Famed merchant ship sunk by German torpedo in World War I found in Irish Sea

Photo: Bangor University

Researchers at Bangor University in the UK have identified a shipwreck lying at the bottom of the Irish Sea as a merchant vessel that sank after it was fatally struck by a torpedo during the closing weeks of World War I.

With the aid of multi-beam sonar on the research vessel Prince Madog, the researchers have located the wreckage of the steamship Mesaba, which became known for sending an iceberg warning to the ill-fated ocean liner Titanic before it sank on April 15, 1912.

The message was received but never reached Titanic‘s bridge. Later that night, the ship hit an iceberg and sank on its maiden voyage, taking 1,500 lives.

Mesaba continued as a merchant ship over the next six years before being torpedoed by a German U-boat whilst in convoy on September 1, 1918. The captain and 19 other crewmembers were lost.

Mesaba was one among 273 shipwrecks lying in 7,500 square miles (19,424 square kilometres) of Irish Sea that was scanned and cross-referenced against the UK Hydrographic Office’s database of wrecks and other sources. It was thought that 101 wrecks were unidentified, but the number of newly identified wrecks was far higher, as many, Mesaba included, had been wrongly identified in the past.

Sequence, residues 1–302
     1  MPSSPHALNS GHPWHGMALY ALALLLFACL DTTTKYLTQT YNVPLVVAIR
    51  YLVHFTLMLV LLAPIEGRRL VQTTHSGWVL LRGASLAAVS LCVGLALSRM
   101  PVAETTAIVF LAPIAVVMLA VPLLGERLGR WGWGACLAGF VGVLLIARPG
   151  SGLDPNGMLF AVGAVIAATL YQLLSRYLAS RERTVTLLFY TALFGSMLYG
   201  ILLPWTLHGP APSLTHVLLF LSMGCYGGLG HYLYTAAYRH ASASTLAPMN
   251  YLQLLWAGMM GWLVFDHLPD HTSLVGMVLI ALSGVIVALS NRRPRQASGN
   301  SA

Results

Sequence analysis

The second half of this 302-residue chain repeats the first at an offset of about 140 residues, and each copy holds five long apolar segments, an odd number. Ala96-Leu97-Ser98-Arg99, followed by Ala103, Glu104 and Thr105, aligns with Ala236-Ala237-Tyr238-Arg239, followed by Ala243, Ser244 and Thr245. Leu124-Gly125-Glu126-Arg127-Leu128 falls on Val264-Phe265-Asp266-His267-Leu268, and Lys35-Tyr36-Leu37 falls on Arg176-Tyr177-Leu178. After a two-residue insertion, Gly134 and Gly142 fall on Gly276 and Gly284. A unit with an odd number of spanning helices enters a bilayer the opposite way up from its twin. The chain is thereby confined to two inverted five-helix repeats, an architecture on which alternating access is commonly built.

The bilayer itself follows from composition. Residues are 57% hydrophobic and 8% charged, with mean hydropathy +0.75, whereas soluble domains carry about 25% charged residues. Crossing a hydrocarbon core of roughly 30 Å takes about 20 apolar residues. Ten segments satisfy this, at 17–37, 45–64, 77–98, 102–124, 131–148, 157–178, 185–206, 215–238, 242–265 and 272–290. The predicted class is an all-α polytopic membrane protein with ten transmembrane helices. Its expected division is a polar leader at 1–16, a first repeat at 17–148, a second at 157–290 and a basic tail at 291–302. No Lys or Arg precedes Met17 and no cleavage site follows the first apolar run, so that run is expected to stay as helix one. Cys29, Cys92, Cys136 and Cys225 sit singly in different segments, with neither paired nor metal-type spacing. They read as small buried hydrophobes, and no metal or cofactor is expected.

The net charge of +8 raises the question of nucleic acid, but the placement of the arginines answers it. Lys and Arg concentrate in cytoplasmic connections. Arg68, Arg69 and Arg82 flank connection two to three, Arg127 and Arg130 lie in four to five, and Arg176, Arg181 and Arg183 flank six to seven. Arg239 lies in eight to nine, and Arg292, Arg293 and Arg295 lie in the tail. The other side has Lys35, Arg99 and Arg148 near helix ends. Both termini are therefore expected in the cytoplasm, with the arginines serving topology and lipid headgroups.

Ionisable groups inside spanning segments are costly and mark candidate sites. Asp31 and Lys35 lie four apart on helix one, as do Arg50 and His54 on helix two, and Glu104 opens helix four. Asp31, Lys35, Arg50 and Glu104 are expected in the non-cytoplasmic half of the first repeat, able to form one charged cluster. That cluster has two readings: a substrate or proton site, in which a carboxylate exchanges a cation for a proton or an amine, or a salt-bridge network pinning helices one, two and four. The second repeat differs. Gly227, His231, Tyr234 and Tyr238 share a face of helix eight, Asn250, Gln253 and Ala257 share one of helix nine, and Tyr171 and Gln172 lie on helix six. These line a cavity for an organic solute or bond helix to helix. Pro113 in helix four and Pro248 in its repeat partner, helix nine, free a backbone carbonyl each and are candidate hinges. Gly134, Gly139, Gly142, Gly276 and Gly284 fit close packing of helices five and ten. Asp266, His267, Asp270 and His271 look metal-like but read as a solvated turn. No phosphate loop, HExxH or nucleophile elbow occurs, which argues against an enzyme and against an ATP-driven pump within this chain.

Details of all the wrecks have been published in a new book, Echoes from the Deep by Dr Innes McCartney of Bangor University, conducted under a Leverhulme Fellowship while at Bournemouth University.

Dr McCartney said Prince Madog’s unique sonar capabilities has enabled the researchers to develop a relatively low-cost means of examining the wrecks. This allowed the team to connect this back to the historical information without costly physical interaction with each site.

Dr Michael Roberts, who led the sonar surveys at the University’s School of Ocean Sciences, explained that the university has also been examining these wreck sites to better understand how objects on the seabed interact with physical and biological processes, which in turn can help scientists support the development and growth of the marine energy sector.

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